Children bite their nails for many reasons -- out of curiosity or boredom, to relieve stress, to pass the time, or from force of habit. Nail biting is the most common of the so-called "nervous habits," which include thumb sucking, nose picking, hair twisting or tugging, and tooth grinding. (None of these necessarily signals anxiety, so "nervous habits" is something of a misnomer.) Nail biting is most common in high-strung children, tends to run in families, and is the most likely of the nervous habits to continue into adulthood. About one-third of primary school students and one-half of adolescents bite their nails, at least for a time; between one-quarter and one-third of college students say they still bite their nails.
If you know or suspect that a particular situation is making your child anxious -- a recent move, a break-up in the family, a new school -- make a special effort to help him talk about his feelings.
If your child's nail biting seems self-destructive, however, it's time to call his doctor or school counsellor. You should be concerned, for example, if his fingertips are ragged and bloody, or if in addition to biting his nails, he picks his skin, tugs on his eyelashes, or is not sleeping well. Also consult your child's doctor if the habit of nail biting surfaced suddenly and escalated quickly. You always want to check out the reasons behind a drastic change in your child's behaviour.
If, on the other hand, the habit doesn't seem to pose any physical or psychological threat, ignoring it is the best way to ensure that down the road your child will either stop on his own or ask you to help him quit.
If the habit bothers you, set limits. "No nail biting at the dinner table" is as reasonable a rule as "No feeding the dog from your plate." At other times, explain in a compassionate way that you know he can't help it, but you don't like to watch him biting his nails, so you're going to another room for a few minutes.
The most important thing is to keep what's basically a nuisance from escalating or getting laden with emotion. Stifling your anger for as long as you can and then snapping, "Stop biting your nails! I can't stand it!" is a recipe for disaster. If the situation is already tense, defuse it by being straightforward -- "I think we're both getting too worked up over this. I'm going to take a break from it for a while."
As long as he's not hurting himself and doesn't seem stressed out, your best bet is to wait out the habit. The less fuss he associates with his nail biting, the more likely he'll stop on his own when he's ready -- and the more likely he'll feel comfortable asking you for help.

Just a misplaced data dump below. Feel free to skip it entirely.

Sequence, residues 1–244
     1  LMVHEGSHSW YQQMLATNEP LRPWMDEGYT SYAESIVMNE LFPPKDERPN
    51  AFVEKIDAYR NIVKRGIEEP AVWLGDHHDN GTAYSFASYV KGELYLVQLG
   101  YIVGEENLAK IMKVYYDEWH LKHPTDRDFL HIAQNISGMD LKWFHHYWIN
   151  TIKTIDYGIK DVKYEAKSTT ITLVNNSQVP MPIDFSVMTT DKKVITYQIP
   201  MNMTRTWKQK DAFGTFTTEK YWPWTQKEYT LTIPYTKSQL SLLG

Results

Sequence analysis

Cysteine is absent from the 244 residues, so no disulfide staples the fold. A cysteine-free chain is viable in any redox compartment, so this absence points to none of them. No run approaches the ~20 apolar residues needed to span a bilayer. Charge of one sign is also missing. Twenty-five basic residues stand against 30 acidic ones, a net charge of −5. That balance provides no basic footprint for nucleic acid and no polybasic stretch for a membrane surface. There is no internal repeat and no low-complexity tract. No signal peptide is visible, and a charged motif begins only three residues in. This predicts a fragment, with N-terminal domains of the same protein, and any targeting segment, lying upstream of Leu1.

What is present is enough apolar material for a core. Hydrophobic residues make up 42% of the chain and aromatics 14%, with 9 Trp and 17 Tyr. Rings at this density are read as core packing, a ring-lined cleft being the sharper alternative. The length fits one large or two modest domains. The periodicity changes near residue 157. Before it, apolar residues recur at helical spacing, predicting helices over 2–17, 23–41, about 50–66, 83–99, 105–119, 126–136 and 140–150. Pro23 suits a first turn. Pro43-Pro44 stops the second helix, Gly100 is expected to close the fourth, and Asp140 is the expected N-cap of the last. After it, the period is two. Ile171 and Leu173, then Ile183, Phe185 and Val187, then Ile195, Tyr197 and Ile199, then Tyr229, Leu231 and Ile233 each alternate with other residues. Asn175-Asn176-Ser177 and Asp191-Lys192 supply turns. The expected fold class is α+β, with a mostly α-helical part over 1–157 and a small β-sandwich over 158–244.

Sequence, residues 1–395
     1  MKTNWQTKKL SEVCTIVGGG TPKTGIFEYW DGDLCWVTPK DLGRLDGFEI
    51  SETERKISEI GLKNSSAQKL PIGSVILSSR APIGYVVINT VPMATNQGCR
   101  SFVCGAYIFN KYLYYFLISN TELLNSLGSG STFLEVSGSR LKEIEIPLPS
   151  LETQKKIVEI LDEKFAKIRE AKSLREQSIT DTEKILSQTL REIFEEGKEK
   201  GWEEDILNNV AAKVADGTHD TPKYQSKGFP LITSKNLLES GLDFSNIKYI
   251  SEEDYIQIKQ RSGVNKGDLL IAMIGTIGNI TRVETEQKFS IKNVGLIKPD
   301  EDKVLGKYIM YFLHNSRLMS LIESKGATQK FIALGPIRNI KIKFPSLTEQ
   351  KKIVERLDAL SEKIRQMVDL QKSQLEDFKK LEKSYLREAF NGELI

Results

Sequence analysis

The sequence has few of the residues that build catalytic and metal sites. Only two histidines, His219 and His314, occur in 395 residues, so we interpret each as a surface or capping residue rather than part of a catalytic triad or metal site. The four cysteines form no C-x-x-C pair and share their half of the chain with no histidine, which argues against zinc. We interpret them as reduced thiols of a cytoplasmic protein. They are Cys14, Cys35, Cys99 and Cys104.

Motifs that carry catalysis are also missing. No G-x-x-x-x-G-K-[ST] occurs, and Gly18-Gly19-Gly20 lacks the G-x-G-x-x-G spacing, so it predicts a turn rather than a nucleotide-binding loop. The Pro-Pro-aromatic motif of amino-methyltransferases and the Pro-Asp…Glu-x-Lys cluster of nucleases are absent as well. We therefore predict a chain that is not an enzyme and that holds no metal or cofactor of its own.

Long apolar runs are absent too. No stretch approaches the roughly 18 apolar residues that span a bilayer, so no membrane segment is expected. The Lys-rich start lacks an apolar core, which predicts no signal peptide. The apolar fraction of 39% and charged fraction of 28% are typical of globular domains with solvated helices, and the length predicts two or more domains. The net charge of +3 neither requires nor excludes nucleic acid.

If your child feels that reminders from you will help, choose a subtle signal -- a light touch on the arm or a code word. Encourage him to become more aware of when and where he bites, and identify some relaxation techniques he can learn -- deep breathing, or clenching and releasing his fists. You might attach a small pair of fingernail clippers to his key chain or belt loop, so he won't be tempted by snags. If he's old enough, teach him how to use an emery board and keep one on his bedside table or in a bathroom drawer.
Step three (and steps four and five and onward) are to try -- and try again. Explain to your child that different people respond to different techniques, and encourage him to be willing to try a variety of solutions if the first one doesn't work. In general, the older he is, the more responsibility he can take in this endeavour.
Children of all ages, like adults, may find a substitute habit useful (plasticine for car rides, a smooth stone to hold while reading or watching television). Let your child choose an activity. If he's under the age of 8 or 9, he might need help in making the switch: practice the alternative habit with him for a few minutes before school or at bedtime.
Calendars work well for children up to about age 9. Let your child select and place stickers on the days he doesn't bite his nails. For an older child, set up an incentive savings plan, in which he deposits #1 to start and then you put in #1 for every day he leaves his fingertips alone. Physical reminders work for some kids: your child may want to try keeping Band-Aids or stickers on his fingertips or painting his nails with a bite-averting solution such as Stop'n Grow. (Check any product's ingredients before trying it. Finally, remind him -- and yourself -- that habits are hard to break and that the two of you are on the same side. Take a break from habit-breaking if you need to. Eventually your patience and persistence will pay off.
There is a strong tradition here in Ireland that nail biting is associated with intestinal worm infestation, particularlyif the child has a tendency to like sweet and sugary things, as indeed virtually all children do. Research has shown that there is no evidence that nail biting has anything to do with worms.
Reprinted with kind permission from vhi.ie